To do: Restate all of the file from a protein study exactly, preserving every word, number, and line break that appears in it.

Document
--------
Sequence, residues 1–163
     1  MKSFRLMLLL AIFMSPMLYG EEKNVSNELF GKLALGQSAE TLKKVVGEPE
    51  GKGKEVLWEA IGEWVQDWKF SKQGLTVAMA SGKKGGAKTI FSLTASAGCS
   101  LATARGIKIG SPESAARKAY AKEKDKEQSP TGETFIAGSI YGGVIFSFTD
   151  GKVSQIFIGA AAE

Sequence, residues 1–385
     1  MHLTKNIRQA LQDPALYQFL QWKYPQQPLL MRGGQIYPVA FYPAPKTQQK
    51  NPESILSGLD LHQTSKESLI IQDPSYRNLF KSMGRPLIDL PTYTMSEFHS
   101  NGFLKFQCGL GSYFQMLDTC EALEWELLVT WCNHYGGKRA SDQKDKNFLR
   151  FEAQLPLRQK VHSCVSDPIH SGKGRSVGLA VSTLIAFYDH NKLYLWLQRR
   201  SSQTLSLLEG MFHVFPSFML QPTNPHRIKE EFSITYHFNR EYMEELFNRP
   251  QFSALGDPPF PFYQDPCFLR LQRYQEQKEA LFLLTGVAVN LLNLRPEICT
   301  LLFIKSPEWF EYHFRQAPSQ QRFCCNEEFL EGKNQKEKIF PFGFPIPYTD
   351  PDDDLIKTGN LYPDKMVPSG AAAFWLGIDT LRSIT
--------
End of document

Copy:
Sequence, residues 1–163
     1  MKSFRLMLLL AIFMSPMLYG EEKNVSNELF GKLALGQSAE TLKKVVGEPE
    51  GKGKEVLWEA IGEWVQDWKF SKQGLTVAMA SGKKGGAKTI FSLTASAGCS
   101  LATARGIKIG SPESAARKAY AKEKDKEQSP TGETFIAGSI YGGVIFSFTD
   151  GKVSQIFIGA AAE

Sequence, residues 1–385
     1  MHLTKNIRQA LQDPALYQFL QWKYPQQPLL MRGGQIYPVA FYPAPKTQQK
    51  NPESILSGLD LHQTSKESLI IQDPSYRNLF KSMGRPLIDL PTYTMSEFHS
   101  NGFLKFQCGL GSYFQMLDTC EALEWELLVT WCNHYGGKRA SDQKDKNFLR
   151  FEAQLPLRQK VHSCVSDPIH SGKGRSVGLA VSTLIAFYDH NKLYLWLQRR
   201  SSQTLSLLEG MFHVFPSFML QPTNPHRIKE EFSITYHFNR EYMEELFNRP
   251  QFSALGDPPF PFYQDPCFLR LQRYQEQKEA LFLLTGVAVN LLNLRPEICT
   301  LLFIKSPEWF EYHFRQAPSQ QRFCCNEEFL EGKNQKEKIF PFGFPIPYTD
   351  PDDDLIKTGN LYPDKMVPSG AAAFWLGIDT LRSIT